The Mako system is generally not available through the NHS and is only available privately. It is funded by nearly all of the major healthcare insurers in the UK and is also available to self-funding patients. For further information, or to book a consultation with Professor Jari, please contact Claire on 0161 445 4988

References

Mako Total Knee Replacement

With robotic arm assisted TKA vs conventional TKA there is potential for;

Reduced soft tissue trauma1
Reduced blood loss1
Lower post op pain1

Potential for reduced time to discharge and a lesser requirement for post op physio2.

1,KayaniB., Konan S., PietrziekJ., Haddad F. S. Iatrogenic Bone and Soft Tissue Trauma in Robotic-Arm
Assisted Total Knee Arthroplasty Compared With Conventional Jig-Based Total Knee Arthroplasty: A Prospective Cohort Study and Validation of a New Classification System The Journal of Arthroplasty2018.03.042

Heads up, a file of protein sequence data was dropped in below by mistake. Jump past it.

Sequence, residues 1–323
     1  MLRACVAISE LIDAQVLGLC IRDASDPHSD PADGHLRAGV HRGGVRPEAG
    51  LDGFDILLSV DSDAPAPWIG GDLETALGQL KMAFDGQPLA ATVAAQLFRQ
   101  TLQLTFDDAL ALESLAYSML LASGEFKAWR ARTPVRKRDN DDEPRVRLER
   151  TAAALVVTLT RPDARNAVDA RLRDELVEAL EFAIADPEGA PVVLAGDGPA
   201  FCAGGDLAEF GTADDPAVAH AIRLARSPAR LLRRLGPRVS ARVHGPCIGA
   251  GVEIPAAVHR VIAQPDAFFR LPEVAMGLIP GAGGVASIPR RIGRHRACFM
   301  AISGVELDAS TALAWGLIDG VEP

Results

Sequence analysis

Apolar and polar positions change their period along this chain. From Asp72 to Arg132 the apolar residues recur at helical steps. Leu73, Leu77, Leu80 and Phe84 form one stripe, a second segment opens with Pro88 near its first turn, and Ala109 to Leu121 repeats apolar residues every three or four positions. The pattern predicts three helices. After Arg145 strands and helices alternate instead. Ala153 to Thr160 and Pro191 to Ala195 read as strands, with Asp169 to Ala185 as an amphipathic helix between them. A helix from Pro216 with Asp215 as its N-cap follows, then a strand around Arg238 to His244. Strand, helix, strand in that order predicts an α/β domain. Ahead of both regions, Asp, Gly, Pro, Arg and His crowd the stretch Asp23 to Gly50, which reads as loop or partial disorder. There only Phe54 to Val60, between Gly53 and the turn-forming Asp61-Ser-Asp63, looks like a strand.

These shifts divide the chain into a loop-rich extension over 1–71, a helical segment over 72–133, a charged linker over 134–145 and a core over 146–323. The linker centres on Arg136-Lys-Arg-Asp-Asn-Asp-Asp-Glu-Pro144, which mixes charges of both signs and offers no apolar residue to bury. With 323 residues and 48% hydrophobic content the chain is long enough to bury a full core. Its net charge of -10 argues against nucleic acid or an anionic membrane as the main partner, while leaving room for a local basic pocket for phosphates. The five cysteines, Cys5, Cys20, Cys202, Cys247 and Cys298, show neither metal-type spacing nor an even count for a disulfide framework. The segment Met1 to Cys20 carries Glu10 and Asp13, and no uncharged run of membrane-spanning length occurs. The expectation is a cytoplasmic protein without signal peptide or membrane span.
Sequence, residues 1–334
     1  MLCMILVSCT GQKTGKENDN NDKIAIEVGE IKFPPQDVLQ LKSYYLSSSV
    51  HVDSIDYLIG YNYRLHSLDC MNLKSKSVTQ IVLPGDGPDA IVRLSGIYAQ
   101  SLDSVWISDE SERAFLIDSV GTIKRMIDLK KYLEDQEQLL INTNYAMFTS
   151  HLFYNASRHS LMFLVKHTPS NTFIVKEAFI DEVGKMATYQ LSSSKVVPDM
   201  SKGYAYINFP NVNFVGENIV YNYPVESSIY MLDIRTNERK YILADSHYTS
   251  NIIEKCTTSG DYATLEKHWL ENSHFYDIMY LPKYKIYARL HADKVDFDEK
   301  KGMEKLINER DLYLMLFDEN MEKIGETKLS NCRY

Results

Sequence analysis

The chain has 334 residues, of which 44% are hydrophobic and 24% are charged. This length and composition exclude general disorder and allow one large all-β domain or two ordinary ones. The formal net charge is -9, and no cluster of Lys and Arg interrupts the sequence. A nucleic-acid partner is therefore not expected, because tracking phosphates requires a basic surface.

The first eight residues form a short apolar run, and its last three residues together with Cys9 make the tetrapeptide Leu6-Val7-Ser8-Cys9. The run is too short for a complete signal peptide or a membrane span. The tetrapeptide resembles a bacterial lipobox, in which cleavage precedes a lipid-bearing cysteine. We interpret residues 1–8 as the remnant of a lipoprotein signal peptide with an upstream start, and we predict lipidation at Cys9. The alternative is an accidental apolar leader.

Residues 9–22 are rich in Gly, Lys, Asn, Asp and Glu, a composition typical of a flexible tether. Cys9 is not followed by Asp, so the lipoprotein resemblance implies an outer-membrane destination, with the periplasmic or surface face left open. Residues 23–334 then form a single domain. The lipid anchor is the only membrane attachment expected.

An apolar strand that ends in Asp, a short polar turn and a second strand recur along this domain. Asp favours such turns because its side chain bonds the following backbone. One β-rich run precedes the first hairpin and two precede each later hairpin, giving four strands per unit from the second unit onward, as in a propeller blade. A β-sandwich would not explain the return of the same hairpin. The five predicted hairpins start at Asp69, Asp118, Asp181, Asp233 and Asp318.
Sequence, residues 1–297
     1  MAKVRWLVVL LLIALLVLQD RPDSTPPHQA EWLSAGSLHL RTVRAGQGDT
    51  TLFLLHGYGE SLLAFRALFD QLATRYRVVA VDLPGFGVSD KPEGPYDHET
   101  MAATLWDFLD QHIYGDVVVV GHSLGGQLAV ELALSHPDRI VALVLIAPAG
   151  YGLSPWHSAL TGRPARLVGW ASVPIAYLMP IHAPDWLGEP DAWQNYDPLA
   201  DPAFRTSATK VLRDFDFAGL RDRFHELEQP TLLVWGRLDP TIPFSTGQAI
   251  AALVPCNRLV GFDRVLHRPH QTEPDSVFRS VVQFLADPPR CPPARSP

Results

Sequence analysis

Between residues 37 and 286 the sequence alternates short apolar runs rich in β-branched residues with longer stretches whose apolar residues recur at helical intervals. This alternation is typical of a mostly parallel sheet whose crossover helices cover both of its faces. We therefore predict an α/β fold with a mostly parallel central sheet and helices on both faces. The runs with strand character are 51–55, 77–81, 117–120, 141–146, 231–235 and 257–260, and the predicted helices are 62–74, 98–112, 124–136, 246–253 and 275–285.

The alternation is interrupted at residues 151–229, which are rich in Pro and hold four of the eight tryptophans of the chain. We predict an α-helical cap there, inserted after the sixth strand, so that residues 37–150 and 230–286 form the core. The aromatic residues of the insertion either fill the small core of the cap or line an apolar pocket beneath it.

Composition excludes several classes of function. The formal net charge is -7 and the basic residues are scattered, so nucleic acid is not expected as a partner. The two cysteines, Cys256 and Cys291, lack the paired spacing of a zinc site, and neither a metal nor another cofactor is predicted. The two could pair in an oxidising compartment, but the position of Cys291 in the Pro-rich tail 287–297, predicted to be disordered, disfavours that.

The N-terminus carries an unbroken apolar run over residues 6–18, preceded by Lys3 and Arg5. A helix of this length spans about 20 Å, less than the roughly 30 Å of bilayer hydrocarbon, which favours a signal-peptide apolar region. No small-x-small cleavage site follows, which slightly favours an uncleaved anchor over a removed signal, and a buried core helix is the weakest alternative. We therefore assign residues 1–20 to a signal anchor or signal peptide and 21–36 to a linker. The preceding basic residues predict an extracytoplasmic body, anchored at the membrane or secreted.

2. KayaniB., Konan S., PietrziekJ., Haddad F. S. Robotic-arm assisted total knee arthroplasty is associated with improved early functional recovery and reducedtime to hospital discharge compared with conventional jig-based total knee arthroplasty A PROSPECTIVE COHORT STUDY Bone Joint J 2018;100-B:930–7

Mako Partial Knee Replacement

Mako Robotic Arm assisted surgery has the potential for more accurate component placement1, less pain2 and better patient outcomes2 when compared to manual surgery

1.Improved accuracy of component positioning with robotic-assisted unicompartmental knee arthroplasty: data from a prospective, randomized controlled study. Bell SW; Anthony I; Jones B; MacLean A; Rowe P; Blyth M. J Bone and Joint Surg. 2016;98: 627-35.

2.Robotic-Arm Assisted Versus Conventional Unicompartmental Knee Arthroplasty. The 2 year Clinical outcomes of a Randomised Controlled Trial Alisdair Gilmour, Angus MacLean, Philip Rowe, Matthew Banger, Iona Donnelly, Bryn Jones, Mark Blyth
Journal of Arthroplasty 2018 (ePub, ahead of print https://doi.org/10.1016/j.arth.2018.02.050)